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People Ex Rel. Ward v. Moran

OPINION FILED JUNE 4, 1973.

THE PEOPLE EX REL. JOHN H. WARD, STATE'S ATTORNEY, PETITIONER,

v.

GEORGE J. MORAN, JUDGE, ET AL., RESPONDENTS.



Original petition for writ of mandamus.

MR. JUSTICE KLUCZYNSKI DELIVERED THE OPINION OF THE COURT:

We granted leave to the State's Attorney of Christian County to file an original action for mandamus seeking to compel respondent, the Appellate Court, Fifth District, to vacate that portion of its judgment which granted probation to respondent, Harold Broverman.

Broverman was convicted of theft and forgery following a bench trial in the circuit court of Christian County on January 27, 1970. After hearing evidence in mitigation, the trial court sentenced him to concurrent terms of 1 to 3 and 1 to 5 years in the penitentiary. The appellate court affirmed these convictions but vacated the sentences and directed the trial court to admit him to probation under such terms and conditions as might be set by the trial court. (People v. Broverman (1972), 4 Ill. App.3d 929.) The narrow issue presented is whether the appellate court was vested with authority to order that respondent be so admitted to probation.

Initially we note that the pertinent provisions of the Criminal Code and Code of Criminal Procedure hereinafter discussed have been repealed. (Ill. Rev. Stat., 1972 Supp., ch. 38, par. 1008-5-1, effective January 1, 1973.) However, such repeal does not affect this cause for the judgment herein was entered prior to the effective date of such repeal. See Ill. Rev. Stat., 1972 Supp., ch. 38, par. 1008-2-1.

There is no constitutional right to probation. (People v. Molz (1953), 415 Ill. 183, 188.) Granting of probation is designed to provide a method for the rehabilitation of a defendant "provided the trial court be satisfied there is a reasonable ground to expect both that the defendant will be reformed and the interests of society will be subserved." People ex rel. Barrett v. Bardens (1946), 394 Ill. 511, 517.

The Code of Criminal Procedure of 1963 contains the probation provision applicable to this case (Ill. Rev. Stat. 1969, ch. 38, par. 117-1), which in pertinent part reads:

"(a) A person who has been found guilty of any offense except a capital offense, the sale of narcotics or rape may be admitted to probation when it appears that:

(1) The defendant is not likely to commit another offense;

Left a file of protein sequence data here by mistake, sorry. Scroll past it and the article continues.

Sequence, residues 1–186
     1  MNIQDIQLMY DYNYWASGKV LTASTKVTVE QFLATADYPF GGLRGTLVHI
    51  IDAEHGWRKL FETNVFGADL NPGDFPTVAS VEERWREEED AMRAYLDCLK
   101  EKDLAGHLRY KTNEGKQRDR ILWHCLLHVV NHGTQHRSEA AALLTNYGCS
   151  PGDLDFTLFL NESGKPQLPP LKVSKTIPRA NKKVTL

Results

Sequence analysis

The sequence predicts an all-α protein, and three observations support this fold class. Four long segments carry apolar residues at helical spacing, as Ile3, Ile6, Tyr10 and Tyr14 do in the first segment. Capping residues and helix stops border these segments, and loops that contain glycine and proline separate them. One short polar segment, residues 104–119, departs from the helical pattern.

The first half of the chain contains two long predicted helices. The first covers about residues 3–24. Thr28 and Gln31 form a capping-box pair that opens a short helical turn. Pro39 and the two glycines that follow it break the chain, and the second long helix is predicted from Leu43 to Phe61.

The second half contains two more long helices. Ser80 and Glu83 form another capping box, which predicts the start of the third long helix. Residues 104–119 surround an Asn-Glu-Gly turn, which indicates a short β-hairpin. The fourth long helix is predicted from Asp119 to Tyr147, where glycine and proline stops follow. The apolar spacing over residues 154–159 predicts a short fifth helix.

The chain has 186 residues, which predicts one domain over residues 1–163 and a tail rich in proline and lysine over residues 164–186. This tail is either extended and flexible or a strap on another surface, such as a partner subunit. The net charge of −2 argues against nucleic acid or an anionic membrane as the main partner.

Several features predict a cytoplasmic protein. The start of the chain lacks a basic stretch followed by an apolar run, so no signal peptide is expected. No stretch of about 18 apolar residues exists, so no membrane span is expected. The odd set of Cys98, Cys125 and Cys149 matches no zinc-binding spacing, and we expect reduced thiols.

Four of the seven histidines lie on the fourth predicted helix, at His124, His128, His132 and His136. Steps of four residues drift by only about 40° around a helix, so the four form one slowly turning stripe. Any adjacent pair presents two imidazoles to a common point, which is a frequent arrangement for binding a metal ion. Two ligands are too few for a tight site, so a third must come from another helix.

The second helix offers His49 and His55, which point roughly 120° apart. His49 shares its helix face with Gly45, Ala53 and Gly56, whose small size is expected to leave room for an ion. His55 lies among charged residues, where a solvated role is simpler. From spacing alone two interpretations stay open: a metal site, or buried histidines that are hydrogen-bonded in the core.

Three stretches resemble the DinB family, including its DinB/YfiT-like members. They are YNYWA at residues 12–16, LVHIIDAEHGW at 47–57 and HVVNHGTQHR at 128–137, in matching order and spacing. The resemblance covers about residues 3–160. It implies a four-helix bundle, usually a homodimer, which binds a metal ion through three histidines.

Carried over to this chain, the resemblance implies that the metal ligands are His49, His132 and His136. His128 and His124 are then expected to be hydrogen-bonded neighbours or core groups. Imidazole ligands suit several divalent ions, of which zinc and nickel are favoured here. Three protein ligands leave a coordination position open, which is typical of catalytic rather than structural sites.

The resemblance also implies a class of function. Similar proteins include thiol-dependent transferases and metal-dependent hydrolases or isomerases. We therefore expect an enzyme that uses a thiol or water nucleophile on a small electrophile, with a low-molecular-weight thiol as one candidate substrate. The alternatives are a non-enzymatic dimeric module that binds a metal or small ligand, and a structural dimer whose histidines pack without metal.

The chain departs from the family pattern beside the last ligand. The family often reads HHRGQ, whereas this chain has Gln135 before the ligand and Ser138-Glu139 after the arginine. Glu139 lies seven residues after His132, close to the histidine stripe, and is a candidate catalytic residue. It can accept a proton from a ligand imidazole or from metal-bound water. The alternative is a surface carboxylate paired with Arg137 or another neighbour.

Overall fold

(2) The public interest does not require that the defendant receive the penalty provided for the offense; and

(3) The rehabilitation of the defendant does not require that he receive the penalty provided for the offense."

The Committee Comments to this section stated that "probation should be left to the sound discretion of the trial court which is in a position to weigh the interests of society and the individual in each case." (S.H.A. (1964), Committee Comments, ch. 38, par. 117-1, page 5.) In recently interpreting the scope of review of a denial of probation by the trial court under this section we said, "Its [the trial court's] determination is subject to review to the extent of ascertaining whether the trial court did, in fact, exercise discretion or whether it acted in an arbitrary manner." People v. Saiken (1971), 49 Ill.2d 504, 514-15.

Respondents contend that a reviewing court is empowered by Supreme Court rule to "reduce the punishment imposed by the trial court." (50 Ill.2d R. 615(b)(4).) It is their position that probation may be classified as a punishment within the aforementioned provision.

This court has consistently held that probation has been a purely discretionary matter vested in the trial court, and the scope of review from a denial of an application for probation has been traditionally limited. Compare People v. Wheeler (1932), 349 Ill. 230, 234; People v. Kessler (1946), 394 Ill. 26, 27; People v. Syer (1948), 400 Ill. 444, 446, with People v. Molz (1953), 415 Ill. 183, 190; People v. Carpenter (1953), 1 Ill.2d 347, 350; People v. Saiken (1971), 49 Ill.2d 504, 514-15.

Respondents, while enumerating several recent appellate court cases (People v. Steadman (1972), 3 Ill. App.3d 1047; People v. Palmer (1971), 2 Ill. App.3d 934; People v. McClendon (1970), 130 Ill. App.2d 852, but see People v. Dugger (1972), 7 Ill. App.3d 235; People v. Brown (1967), 83 Ill. App.2d 411) which have reduced sentences of imprisonment to probation, have not cited, nor has our research ...


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